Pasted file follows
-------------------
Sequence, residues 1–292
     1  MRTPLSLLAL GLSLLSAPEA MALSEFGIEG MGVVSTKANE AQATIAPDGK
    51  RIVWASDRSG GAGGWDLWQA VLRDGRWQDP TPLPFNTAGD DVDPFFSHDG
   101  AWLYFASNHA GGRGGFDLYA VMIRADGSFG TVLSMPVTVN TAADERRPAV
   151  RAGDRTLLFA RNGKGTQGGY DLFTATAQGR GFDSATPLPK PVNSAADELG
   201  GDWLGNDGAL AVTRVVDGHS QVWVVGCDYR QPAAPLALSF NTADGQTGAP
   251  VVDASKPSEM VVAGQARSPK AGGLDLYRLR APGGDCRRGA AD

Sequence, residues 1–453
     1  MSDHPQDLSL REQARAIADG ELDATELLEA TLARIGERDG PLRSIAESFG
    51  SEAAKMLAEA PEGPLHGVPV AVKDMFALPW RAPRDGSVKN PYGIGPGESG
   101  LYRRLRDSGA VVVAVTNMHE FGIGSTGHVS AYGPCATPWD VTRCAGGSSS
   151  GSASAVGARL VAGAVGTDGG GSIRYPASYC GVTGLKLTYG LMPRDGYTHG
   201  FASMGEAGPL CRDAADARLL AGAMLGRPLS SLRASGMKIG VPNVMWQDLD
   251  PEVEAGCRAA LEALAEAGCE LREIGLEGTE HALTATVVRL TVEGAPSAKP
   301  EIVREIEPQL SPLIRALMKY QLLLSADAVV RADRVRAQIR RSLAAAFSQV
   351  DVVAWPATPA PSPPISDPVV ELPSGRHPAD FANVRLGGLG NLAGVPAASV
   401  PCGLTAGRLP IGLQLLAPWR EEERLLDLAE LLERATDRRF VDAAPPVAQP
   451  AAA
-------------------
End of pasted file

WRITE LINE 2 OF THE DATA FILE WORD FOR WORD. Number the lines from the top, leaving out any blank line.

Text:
     1  MRTPLSLLAL GLSLLSAPEA MALSEFGIEG MGVVSTKANE AQATIAPDGK